I quit cold turkey. White knuckled it. For the first six months I didn't leave the house. Literally. Weeks at a time, all I could do was walk from the bed to the couch and back again at the end of the day. At that point, we adopted Holmes and Watson and they took on my case. Holmes would curl up on my chest and purr for hours at a time. I was never alone. Annalaura, who was faithfully working and supporting our family, would come home in the evening and find Holmes and I in the same place and position we were when she left that morning. Holmes would literally try to lay on my face. I didn't mind until his hair started to go up my nose and tickle like crazy.
(Not enough good could ever be said about my strong and determined wife. She has stood by me, when I have abhorred from standing by myself. She has fought and struggled for me when I have been unable to do so on my own.)
Years have passed and I've grown stronger and healthier and life has settled into a manageable rollercoaster, but all that I lost in those dark days has grown back in full and ten-fold. There are still seasons of struggle and strain. Color in the world seems to dull and darken. Reality seems to warp, relationships change, and situations shift. Then there are days, weeks, and years of calm happiness. We were blessed with a beautiful and passionate baby boy, Eli. We brought him home from the hospital to Holmes and Watson. They carefully inspected the carseat when he came home. One of Eli's first words was, "Kitty." I started school again and am working full-time to support my family. Through all this, Holmes and Watson remained a constant.
Last fall after a long battle with kidney issues, Holmes died. Three weeks later Watson followed. I think he died of loss and sorrow. They were inseparable. When we took one to the vet, we had to take the other in the same case, or they would both get worked up and crazy. They lived together in life and departed together in death. It's one of those sappy brotherly-love stories that movies are made of, and that you try really hard not to love but can't help it.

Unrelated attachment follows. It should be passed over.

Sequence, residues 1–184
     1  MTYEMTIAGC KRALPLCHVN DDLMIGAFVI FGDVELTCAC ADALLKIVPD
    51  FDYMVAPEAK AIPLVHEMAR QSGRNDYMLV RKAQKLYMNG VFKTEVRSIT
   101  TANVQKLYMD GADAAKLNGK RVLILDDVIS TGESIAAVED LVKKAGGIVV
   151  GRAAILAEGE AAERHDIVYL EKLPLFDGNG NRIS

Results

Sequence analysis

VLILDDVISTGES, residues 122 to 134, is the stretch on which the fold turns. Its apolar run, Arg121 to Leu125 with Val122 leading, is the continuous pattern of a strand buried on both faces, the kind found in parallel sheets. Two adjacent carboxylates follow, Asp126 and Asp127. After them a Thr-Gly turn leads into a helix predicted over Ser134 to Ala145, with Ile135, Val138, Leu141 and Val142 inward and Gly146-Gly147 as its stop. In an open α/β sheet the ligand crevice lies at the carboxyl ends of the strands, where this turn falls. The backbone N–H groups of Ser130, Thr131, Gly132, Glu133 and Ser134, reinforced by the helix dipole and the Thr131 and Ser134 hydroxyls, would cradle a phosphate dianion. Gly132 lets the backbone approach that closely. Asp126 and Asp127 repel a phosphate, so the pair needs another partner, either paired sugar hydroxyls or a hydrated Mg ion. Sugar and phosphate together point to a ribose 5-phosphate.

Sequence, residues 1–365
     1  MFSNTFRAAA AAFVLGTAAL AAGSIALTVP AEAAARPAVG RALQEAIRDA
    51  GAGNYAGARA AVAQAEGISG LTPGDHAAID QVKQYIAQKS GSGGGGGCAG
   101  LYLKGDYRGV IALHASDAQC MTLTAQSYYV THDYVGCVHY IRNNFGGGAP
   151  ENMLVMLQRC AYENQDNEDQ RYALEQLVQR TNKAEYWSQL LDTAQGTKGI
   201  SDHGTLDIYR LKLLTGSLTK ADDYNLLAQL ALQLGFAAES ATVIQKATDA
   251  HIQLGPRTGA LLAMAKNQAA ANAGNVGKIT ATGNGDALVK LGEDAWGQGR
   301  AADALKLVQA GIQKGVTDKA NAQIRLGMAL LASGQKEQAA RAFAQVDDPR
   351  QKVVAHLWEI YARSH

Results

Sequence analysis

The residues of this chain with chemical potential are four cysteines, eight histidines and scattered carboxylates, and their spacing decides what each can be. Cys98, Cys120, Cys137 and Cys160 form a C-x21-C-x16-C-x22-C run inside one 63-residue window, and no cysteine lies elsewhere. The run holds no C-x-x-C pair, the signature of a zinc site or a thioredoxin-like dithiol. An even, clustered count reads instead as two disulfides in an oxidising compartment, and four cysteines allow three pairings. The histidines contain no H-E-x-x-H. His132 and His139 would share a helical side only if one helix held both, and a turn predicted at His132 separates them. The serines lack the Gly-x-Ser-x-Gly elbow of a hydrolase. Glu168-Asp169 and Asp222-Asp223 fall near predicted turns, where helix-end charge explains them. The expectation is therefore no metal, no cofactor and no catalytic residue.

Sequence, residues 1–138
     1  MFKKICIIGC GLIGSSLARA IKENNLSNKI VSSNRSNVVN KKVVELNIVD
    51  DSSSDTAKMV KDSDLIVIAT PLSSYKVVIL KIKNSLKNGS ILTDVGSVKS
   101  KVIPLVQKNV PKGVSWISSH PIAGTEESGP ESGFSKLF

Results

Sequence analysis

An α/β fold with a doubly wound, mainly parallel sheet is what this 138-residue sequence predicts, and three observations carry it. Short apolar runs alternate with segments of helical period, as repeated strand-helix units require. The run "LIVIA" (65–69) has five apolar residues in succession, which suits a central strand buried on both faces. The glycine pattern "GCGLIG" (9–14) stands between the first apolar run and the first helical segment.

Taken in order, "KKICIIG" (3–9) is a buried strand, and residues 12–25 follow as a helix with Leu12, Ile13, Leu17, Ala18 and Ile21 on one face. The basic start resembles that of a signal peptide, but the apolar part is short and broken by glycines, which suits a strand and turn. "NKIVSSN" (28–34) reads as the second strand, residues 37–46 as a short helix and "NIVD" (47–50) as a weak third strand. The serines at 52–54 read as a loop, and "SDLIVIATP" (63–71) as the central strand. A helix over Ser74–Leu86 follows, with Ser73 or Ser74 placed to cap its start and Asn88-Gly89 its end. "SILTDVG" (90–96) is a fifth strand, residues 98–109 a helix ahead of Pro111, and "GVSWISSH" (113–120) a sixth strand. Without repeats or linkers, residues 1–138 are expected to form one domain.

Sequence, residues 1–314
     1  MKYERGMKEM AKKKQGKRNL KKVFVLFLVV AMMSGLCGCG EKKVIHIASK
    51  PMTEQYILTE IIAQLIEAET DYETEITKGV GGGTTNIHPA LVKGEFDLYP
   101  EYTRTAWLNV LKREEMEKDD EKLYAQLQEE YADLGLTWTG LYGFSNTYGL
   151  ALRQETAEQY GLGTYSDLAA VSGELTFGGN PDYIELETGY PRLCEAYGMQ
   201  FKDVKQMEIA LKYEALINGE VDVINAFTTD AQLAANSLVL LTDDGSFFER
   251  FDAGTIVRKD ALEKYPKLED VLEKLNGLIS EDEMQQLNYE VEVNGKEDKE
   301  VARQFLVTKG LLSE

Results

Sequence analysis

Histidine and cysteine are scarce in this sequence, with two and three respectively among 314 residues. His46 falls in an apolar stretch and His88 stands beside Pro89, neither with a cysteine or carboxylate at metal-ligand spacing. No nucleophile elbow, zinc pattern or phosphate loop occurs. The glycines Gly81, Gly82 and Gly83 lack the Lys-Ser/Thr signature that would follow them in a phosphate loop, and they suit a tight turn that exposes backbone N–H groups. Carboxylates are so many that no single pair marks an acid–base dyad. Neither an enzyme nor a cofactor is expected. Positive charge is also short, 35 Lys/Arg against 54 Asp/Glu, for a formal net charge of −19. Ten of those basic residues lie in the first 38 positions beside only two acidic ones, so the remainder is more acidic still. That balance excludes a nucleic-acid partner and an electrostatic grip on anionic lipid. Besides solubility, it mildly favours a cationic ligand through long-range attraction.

The support and response we've gotten over the last twenty four hours with our GoFundMe campaign, to get a therapy dog, has been overwhelming and touching. I'm humbled at the love and support we've seen. It's been nearly a year since Holmes and Watson died, and while there is clearly a need for an emotional support animal in my life again, I'm not sure I'll ever be ready for another cat. You just can't replace the brothers, and I'm not even sure a cat would meet our needs right now, anyway. My days of hiding from life at home are gone. I just can't afford it anymore.
I'm fully aware that I'm a little bit crazy, and you know, I'm ok with it. I've seen enough crazy to understand that we all of us have some small portion of it. These furry friends in our lives are like the hair they shed. It gets everywhere, and it makes you crazy. They get on our hearts and in our souls. They get into all the little cracks, stuck and snuggled into each black corner. They soften our shells of pain. It makes you crazy, and it heals you everywhere. When my mental state decided to dress up all in black, I have no inclination to use a lint roller.
Check HERE to learn more about our puppy campaign.